Phillip the Bastard. But who comes in such haste in riding-robes?
What woman-post is this? hath she no husband
That will take pains to blow a horn before her?
[Enter LADY FAULCONBRIDGE and GURNEY]
O me! it is my mother. How now, good lady!
What brings you here to court so hastily?
Lady Falconbridge. Where is that slave, thy brother? where is he,
That holds in chase mine honour up and down?
Constance. My bed was ever to thy son as true
As thine was to thy husband; and this boy
Liker in feature to his father Geoffrey
Than thou and John in manners; being as like
As rain to water, or devil to his dam.
My boy a bastard! By my soul, I think
His father never was so true begot:
It cannot be, an if thou wert his mother.
Um. Well, Happy Mother's Day to you too. Somehow it seems that my reading of Shakespeare is always a little off from whatever major holiday falls on that week. King John, for example, though very much a play about mothers and sons, is not a happy story about good mothers and sons - Queen Eleanor is the power behind John's throne; Constance, her daughter-in-law, fights for her son Arthur's right to that same throne with much more passion than he, poor little boy, ever felt; Phillip the Bastard identifies his mother, Lady Falconbridge, as the only parent he has known and thanks her for committing adultery with King Richard so that he had the good fortune to be born. Unfortunately, he besmirches her reputation by being acknowledged as Richard's son. Oh well, price to be paid! However, Lady Falconbridge is not the only mother to be accused of adultery - as we can see from the quotations above, Constance and Eleanor get some good insults going between them as well. Nice family, right?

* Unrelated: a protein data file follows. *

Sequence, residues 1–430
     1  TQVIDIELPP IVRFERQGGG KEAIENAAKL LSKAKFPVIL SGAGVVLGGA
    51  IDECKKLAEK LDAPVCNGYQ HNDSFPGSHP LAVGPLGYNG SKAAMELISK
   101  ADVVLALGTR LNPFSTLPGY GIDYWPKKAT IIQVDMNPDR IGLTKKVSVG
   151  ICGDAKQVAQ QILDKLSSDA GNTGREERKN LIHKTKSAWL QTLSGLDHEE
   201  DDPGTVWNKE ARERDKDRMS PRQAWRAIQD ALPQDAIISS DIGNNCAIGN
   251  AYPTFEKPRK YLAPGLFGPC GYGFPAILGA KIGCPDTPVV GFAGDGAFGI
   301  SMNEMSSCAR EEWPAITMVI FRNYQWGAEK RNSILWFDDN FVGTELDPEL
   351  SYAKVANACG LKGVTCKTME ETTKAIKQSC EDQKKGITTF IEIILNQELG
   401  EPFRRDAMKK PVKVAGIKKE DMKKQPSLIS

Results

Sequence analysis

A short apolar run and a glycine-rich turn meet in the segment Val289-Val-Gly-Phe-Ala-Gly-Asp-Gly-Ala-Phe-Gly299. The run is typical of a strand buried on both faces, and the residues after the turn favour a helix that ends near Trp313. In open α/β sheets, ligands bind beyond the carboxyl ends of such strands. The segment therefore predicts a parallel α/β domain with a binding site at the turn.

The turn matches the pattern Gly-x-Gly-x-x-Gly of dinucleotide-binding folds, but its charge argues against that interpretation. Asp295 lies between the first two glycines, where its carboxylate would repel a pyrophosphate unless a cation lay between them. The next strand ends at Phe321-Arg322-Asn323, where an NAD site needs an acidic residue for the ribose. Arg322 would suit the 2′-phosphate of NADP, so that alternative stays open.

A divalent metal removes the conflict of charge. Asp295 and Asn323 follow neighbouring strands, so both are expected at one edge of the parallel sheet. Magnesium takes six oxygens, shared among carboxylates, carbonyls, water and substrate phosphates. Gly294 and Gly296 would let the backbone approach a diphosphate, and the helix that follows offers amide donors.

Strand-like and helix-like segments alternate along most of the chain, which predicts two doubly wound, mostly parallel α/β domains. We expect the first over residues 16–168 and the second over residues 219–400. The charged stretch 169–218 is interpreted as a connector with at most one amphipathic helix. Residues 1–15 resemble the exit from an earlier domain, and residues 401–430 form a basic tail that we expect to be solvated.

Though these passionate, ambitious women seem to want only the best for their sons, tragedy is all that comes of their actions. Phillip the Bastard, seeking his birthright from his mother and true father, accepts the dazzling prospect of a title and a home with his royal relatives rather than the sure security of the estate of his mother's husband, an estate that the law would have given him; this choice leads him to nothing but incessant war and bloodshed. Poor Arthur faces imprisonment and death, and John - used to relying on the bold decisiveness of his indefatigable mother - is stunned and simply deflates when he hears of her death:
Withhold thy speed, dreadful occasion!
O, make a league with me, till I have pleased
My discontented peers! What! mother dead!
Ultimately, the unhealthy relationships demonstrated by these mothers, who pushed the sons into positions of power and didn't let go, lead to sorrow for other mothers and sons:
.....the hand of France this day hath made
Much work for tears in many an English mother,
Whose sons lie scattered on the bleeding ground.....